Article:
Sufficiency of the Evidence to Retry Defendant for Possession of Heroin

{26} In determining whether to order reversal or retrial, we review the evidence presented at trial. The State can retry Defendant on the possession charge only if the conviction was supported by substantial evidence. State v. Sanchez, 2000-NMSC-021, ¶ 30, 129 N.M. 284, 6 P.3d 486. Both parties have argued whether the evidence was sufficient to prove that the substance was heroin. For the limited purpose of this part of the analysis, we include the field test results even though we have ruled that evidence inadmissible for lack of a scientific *153foundation. See State v. Post, 109 N.M. 177, 181, 783 P.2d 487, 491 (Ct.App.1989) (holding evidence that was improperly admitted is considered when determining whether the evidence was sufficient to support the conviction). In addition to the field test, the deputies testified at trial, based on their experience, that the substance had the appearance and smell of heroin and was packaged like heroin. Finally, one of the passengers in the car, Defendant’s cousin, was an admitted heroin addict. Considering this evidence together, we are satisfied that the jury could reasonably have concluded that the substance was heroin.

{27} The remaining focus of our inquiry is on whether the evidence was sufficient for the jury to conclude that Defendant was in constructive possession of the heroin. Defendant was not alone in the vehicle on the day in question, and Defendant was not the owner of the vehicle, although he exercised control over that car for most of the day. Defendant’s cousin had been with him in the vehicle for several hours, and his cousin was a heroin addict who had only been released from jail that day. There is no evidence that Defendant was an addict or using heroin.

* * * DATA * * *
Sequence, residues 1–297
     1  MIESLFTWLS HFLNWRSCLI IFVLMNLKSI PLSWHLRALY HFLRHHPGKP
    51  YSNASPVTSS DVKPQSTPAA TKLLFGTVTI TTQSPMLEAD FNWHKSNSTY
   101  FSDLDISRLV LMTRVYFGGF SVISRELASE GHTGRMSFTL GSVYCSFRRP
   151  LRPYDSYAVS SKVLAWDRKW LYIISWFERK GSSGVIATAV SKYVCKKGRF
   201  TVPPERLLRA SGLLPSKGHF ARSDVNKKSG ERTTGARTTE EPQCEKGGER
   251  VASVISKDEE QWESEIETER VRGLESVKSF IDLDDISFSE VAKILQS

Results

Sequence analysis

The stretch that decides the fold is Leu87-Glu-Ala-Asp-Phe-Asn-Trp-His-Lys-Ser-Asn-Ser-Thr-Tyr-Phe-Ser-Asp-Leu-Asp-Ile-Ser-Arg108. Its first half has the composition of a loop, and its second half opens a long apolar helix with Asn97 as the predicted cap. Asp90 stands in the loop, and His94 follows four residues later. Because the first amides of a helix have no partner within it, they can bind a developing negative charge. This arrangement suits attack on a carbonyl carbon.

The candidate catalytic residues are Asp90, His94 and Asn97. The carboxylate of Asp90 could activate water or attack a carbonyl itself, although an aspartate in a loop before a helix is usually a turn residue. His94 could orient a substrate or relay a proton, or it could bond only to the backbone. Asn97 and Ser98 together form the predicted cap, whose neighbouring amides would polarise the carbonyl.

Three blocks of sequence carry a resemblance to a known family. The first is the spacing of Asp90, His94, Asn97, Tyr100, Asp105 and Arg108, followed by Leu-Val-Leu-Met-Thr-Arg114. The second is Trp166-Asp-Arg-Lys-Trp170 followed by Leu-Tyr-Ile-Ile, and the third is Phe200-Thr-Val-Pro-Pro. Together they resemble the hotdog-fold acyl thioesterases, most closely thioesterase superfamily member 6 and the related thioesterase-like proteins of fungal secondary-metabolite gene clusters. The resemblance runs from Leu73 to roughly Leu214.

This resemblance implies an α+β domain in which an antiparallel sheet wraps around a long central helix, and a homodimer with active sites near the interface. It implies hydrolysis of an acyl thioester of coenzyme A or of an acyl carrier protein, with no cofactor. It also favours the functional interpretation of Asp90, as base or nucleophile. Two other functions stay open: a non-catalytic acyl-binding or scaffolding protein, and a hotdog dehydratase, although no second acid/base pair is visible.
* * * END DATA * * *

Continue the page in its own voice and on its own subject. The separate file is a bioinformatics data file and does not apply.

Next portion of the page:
{28} When an accused is not in exclusive possession of the place in which the illegal substance is found, the State is required to prove that the accused knew the substance was there and that he exercised control over it. See State v. Bankert, 117 N.M. 614, 620, 875 P.2d 370, 376 (1994) (recognizing that in a drug transaction both the buyer and the seller can be in possession of the drugs); State v. Phillips, 2000-NMCA-028, ¶ 8, 128 N.M. 777, 999 P.2d 421 (showing shared-living situation and drugs found in box in dresser drawer); State v. Brietag, 108 N.M. 368, 370, 772 P.2d 898, 900 (Ct.App.1989) (showing shared-living situation and drugs found in various places in the house). This Court has recognized that conduct of the accused, and fair inference from the evidence, can be sufficient to establish constructive possession. Phillips,2000-NMCA-028, ¶ 8, 128 N.M. 777, 999 P.2d 421. In this case, the jury was appropriately instructed as follows:

A person is in possession of heroin when he knows it is on his person or in his presence, and he exercises control over it.
Even if the substance is not in his physical presence, he is in possession if he knows where it is, and he exercises control over it.
Two or more people can have possession of a substance at the same time.